10. Read more, period. Books, magazines, blogs about books and magazines–I just need to read more, period!
What are your bookish goals (or goals in general) for the new year? Share them with me in the comments!
(Disclosure: I received this book from Blogging For Books in exchange for an honest review. However I was not compensated for writing a review and as always all opinions are my own.)
Girl Talk: Unsolicited Advice for Modern Ladies, by Christie Young. Hardcover, 176 pages. Two and a half stars out of five.
The first thing that struck me about this book was that it was frenetically illustrated, giving it the appearance of a doodle-filled spiral notebook. This makes the book kind of cute, but it’s also a bit hard on the eyes. The second thing that struck me was that the author appeared to have been reading a lot of back issues of Glamour and Seventeen and was presenting a sort of mash-up anthology of tidbits of wisdom that might once have appeared in those magazines. The writing style is laid out not so much chapter by chapter, but in little blurbs, charts and sidebars much like you’d find in a magazine. Again: cute, but not always easy on the eyes (or easy to follow).
The third thing that struck me: this book felt wildly unfocused. I felt like the author’s point of view was strangely out of sync with the target audience: a lot of the references would only make sense to someone in their late twenties or early thirties, but the tone of the book makes it feel like it’s aimed at eighteen-year-old girls getting out into the world for the first time. The blurb led me to assume that there would be decently sized chunks of advice, delivered in a witty fashion, yet most of what’s inside is delivered in Twitter-style blurbs and is so “lite” that it doesn’t provide a great deal of insight. A lot of it also felt recycled and not terribly pertinent to a twenty-something–there was nothing here I didn’t already know.
I also scratched my head at the blurb’s list of things the book supposedly addresses, since several seemed to be only mentioned in passing or AWOL altogether. Let’s recap:
- “Running out of booze during the holidays”–was this mentioned?
- “Running into your ex on the subway”–mentioned as one of those awful things that happens to young ladies, yet I don’t remember advice being given for this situation
- “Realizing you look exactly like your boyfriend’s sister”–was mentioned, but I don’t remember advice being given here
- “Overthinking text messages and analyzing emoticons”–was addressed
- “Looking calm in a bar alone (without the help an iPhone)”–I actually do appreciate the author touching on the subject of going into a cafe or restaurant alone, since this seems nerve-wracking.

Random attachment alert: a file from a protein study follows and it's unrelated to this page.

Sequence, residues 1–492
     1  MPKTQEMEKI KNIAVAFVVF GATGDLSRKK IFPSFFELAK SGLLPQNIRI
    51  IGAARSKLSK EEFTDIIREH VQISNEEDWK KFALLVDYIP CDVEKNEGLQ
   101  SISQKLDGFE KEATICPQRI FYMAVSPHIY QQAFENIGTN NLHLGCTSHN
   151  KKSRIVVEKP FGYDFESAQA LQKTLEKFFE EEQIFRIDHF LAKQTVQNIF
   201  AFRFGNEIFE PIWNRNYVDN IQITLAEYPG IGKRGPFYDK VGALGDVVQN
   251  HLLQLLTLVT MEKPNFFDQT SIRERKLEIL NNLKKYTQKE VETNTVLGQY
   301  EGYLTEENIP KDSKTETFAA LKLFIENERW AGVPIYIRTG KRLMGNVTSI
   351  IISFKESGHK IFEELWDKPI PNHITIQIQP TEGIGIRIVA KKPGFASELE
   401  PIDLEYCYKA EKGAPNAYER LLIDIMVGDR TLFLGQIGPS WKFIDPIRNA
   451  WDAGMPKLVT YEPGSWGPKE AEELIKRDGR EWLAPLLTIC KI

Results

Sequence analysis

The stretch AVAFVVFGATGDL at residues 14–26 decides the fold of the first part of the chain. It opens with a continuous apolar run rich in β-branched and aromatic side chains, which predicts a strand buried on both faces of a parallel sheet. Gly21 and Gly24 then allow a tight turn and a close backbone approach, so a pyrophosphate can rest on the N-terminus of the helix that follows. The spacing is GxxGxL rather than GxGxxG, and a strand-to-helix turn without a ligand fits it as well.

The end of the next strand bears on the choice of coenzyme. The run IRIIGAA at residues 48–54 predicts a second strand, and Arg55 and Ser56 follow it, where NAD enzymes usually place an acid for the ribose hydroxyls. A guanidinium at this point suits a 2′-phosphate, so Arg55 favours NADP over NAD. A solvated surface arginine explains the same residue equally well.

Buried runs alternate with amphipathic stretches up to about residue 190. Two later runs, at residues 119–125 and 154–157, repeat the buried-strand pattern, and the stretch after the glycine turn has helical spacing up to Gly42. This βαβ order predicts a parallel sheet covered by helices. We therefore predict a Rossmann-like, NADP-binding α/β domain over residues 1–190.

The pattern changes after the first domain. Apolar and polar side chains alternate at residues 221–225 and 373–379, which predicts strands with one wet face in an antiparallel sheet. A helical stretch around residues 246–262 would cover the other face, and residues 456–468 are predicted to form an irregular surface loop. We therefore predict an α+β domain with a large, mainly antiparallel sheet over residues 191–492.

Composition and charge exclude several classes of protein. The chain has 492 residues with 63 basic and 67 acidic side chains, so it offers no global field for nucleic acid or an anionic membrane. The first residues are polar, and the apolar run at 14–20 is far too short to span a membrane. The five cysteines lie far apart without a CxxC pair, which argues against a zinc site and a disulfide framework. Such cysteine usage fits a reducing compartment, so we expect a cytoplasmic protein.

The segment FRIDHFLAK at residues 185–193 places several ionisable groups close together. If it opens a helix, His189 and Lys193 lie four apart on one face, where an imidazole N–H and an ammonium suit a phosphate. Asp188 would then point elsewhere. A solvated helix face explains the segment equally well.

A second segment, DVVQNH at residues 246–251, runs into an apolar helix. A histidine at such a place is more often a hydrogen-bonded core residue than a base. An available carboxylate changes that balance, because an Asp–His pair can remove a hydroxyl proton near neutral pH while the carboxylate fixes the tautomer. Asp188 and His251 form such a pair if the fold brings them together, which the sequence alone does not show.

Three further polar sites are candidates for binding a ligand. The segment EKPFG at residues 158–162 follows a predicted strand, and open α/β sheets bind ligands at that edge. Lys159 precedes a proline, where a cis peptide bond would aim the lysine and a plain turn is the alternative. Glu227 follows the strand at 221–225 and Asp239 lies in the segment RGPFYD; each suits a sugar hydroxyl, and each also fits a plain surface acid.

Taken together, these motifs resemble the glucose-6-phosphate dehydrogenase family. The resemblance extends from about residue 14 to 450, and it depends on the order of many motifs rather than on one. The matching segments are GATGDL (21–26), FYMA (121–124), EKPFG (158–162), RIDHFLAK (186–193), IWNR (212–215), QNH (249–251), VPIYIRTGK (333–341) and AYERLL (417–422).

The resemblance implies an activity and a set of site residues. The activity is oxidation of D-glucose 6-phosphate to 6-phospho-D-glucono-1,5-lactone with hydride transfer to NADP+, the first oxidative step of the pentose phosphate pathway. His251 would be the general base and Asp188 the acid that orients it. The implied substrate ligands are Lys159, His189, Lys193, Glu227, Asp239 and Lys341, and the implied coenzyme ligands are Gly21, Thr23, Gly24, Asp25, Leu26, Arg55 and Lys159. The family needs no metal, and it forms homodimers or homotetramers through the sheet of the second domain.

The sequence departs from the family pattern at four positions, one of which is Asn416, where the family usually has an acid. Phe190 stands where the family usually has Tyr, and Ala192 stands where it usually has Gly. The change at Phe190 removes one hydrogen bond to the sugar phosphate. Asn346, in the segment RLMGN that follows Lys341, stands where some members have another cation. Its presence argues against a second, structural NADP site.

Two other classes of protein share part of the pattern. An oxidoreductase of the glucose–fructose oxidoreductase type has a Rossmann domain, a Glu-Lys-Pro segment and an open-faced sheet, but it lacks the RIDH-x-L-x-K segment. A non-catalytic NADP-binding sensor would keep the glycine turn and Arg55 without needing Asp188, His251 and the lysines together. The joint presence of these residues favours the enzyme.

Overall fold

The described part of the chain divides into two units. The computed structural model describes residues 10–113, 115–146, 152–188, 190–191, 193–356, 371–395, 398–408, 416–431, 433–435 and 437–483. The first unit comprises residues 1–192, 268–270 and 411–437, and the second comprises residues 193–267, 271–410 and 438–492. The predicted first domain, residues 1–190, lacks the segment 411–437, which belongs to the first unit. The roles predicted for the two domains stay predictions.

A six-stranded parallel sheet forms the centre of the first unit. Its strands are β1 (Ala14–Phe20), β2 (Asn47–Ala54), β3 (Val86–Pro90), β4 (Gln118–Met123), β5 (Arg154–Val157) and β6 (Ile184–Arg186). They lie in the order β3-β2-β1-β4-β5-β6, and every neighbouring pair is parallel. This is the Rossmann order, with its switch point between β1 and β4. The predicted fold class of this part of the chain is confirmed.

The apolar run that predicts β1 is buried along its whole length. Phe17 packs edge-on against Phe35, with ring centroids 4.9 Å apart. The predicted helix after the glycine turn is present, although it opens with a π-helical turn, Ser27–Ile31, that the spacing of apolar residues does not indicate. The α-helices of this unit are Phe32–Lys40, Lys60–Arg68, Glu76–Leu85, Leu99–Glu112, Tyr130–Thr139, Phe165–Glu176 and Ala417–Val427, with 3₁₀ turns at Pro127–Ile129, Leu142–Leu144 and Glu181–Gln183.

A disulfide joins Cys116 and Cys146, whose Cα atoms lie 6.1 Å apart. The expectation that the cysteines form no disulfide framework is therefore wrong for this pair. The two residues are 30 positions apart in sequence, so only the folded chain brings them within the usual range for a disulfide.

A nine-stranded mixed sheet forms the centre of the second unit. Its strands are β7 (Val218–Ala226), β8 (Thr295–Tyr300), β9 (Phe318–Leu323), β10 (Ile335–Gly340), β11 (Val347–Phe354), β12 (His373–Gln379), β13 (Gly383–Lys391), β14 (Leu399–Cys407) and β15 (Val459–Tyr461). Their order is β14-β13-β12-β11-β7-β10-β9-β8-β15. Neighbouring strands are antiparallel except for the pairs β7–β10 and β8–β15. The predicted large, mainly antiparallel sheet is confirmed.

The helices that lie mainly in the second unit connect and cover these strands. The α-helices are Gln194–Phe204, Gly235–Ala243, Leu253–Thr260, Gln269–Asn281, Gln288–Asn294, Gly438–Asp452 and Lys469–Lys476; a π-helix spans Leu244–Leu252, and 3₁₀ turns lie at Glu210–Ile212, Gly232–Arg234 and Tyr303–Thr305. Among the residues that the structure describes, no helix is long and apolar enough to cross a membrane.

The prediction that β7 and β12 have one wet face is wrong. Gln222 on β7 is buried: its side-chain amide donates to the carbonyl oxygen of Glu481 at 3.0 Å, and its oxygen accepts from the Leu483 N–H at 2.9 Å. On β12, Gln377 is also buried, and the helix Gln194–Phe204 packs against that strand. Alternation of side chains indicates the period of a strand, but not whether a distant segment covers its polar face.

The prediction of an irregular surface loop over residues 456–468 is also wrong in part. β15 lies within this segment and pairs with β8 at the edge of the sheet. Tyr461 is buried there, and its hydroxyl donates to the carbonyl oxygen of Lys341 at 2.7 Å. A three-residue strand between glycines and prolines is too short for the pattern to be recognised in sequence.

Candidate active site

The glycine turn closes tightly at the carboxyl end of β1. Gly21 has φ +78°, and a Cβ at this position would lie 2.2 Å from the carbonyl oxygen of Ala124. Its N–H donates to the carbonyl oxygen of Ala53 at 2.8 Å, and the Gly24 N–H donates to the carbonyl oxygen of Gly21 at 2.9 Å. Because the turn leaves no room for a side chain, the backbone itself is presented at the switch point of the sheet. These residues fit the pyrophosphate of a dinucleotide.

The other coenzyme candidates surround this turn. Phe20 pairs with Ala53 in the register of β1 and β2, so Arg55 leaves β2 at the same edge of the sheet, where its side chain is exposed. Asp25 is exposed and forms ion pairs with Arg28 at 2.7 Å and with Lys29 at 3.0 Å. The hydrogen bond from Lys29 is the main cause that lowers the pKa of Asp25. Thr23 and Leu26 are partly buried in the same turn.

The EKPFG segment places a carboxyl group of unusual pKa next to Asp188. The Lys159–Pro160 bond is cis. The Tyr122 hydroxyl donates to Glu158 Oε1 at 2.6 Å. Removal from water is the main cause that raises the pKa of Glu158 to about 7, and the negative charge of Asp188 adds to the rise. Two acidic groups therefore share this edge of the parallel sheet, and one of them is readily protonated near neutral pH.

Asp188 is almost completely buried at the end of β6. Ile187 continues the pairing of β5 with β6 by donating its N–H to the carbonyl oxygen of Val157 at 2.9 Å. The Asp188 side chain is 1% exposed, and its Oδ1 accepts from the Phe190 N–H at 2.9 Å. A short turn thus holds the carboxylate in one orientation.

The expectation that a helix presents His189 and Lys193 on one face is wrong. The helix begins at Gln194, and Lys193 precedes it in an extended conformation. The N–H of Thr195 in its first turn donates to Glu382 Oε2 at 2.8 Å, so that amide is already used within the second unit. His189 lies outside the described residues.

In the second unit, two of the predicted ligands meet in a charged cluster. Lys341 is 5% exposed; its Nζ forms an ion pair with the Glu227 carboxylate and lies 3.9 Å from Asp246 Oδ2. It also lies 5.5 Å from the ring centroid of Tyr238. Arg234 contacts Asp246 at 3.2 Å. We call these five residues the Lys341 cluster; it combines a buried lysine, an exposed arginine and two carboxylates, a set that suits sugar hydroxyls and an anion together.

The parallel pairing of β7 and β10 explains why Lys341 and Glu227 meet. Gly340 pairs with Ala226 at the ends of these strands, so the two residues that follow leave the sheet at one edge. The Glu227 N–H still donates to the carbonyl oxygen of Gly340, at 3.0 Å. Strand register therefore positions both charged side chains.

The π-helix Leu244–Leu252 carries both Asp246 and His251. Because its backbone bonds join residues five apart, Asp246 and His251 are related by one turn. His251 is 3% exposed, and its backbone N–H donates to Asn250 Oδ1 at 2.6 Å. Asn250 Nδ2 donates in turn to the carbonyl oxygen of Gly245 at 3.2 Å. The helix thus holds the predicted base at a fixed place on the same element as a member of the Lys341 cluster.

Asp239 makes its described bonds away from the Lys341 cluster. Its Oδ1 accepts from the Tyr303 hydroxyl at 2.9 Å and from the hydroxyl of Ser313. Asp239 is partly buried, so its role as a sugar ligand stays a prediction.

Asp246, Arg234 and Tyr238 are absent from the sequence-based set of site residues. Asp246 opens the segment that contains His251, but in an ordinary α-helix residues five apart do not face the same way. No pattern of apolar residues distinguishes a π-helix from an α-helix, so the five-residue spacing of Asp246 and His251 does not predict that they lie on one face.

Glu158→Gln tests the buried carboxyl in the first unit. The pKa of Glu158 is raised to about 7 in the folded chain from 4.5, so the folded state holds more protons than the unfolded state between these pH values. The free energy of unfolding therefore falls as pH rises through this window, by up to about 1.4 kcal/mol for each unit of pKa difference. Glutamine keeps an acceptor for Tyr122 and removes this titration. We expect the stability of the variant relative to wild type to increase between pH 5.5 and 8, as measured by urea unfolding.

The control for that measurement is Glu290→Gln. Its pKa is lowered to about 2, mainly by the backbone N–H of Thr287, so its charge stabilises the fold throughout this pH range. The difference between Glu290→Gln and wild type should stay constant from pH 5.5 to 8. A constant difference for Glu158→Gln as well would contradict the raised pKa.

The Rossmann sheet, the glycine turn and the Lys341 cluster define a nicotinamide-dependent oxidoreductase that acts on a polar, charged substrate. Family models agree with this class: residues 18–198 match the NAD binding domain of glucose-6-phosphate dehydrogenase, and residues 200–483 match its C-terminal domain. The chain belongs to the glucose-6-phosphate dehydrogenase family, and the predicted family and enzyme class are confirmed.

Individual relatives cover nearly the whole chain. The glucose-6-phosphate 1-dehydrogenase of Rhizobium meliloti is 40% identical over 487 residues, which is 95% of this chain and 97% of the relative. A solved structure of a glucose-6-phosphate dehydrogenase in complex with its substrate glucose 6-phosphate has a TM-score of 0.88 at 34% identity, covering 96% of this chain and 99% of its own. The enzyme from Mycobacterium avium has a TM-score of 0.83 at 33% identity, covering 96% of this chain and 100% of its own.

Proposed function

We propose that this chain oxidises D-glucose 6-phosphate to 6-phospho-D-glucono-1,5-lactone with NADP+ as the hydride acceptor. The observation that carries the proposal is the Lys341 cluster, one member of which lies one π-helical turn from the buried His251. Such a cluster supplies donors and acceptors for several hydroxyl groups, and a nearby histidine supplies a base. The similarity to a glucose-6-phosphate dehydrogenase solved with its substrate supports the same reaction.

- “Accidentally stealing something from the farmer’s market”–I don’t remember this coming up at all
- “Choosing between getting to work on time or showering”–don’t remember this coming up? I thought there would be some type of “five minute beauty” guide or something similar
- “Responding to a sexy text your uncle meant to send to his girlfriend”–might have come up in passing, but I don’t think it did
- “Organizing your wardrobe, from crop tops to bolo ties”–both forms of apparel were mentioned; organizing your closet was not
- “Handling a roommate who rents out your living room to strangers”–roommates were discussed, but this blurb leads me to believe there would be advice dispensed on handling a roommate conflict, where in reality the topic was lightly skimmed over
- “Kicking your Netflix sci-fi marathon habit”–again, skimmed over
You can see, then, how this book frustrated me immensely: I wanted to like it, but I felt like it lacked a solid sense of direction and didn’t live up to it’s promise of being “hysterically funny”. I gleaned no helpful advice from the pages (as I said, most of the “unsolicited advice” was too lightweight for me), and as for the humor, I laughed out loud only twice: once at the anecdote about the seagull and the ham sandwich, and again upon finding the Time Warner logo in the illustrated guide to household pests. (For my non-U.S. readers, I’m sorry if this joke goes over your heads.)
Now, here’s where I tell you that I’m not knocking this book altogether: I think this book might be great as a gift for a younger sister just leaving home, who had little to no clue about living on her own. It’s true that the book isn’t full of in-depth advice for sticky situations, but I can’t actually say I disagreed with any of the pointers given, and there are actually some useful tidbits for a girl just getting out on her own: how to clean an apartment in fifteen minutes before guests arrive; how to handle a breakup; a few quickie/cheapie recipes that aren’t ramen noodles; etc. I’m actually planning on setting this aside for one such young lady who will be eighteen in a couple of years and is planning on moving out to California as soon as her birthday hits; while the advice in the book might be old news to me, I think it’ll actually be helpful to her, and the short-‘n-sweet format will make it palatable for someone who isn’t big on reading.
It doesn’t hit the mark, then, for most twenty- or thirty-something readers who want a funny look at tackling life’s more perplexing social situations, but underneath it all there is a solid baseline of good advice that might appeal to girls in their late teens who are experiencing adulthood anew. Better yet: pair it up with a gift subscription to a mag like Glamour (my personal fave), which gives much more in-depth advice and has some fun fashion and beauty tidbits plus a little news reporting, too. That’s a better dose of girl talk, in my opinion, and it isn’t covered in those headache-inducing cartoons, either.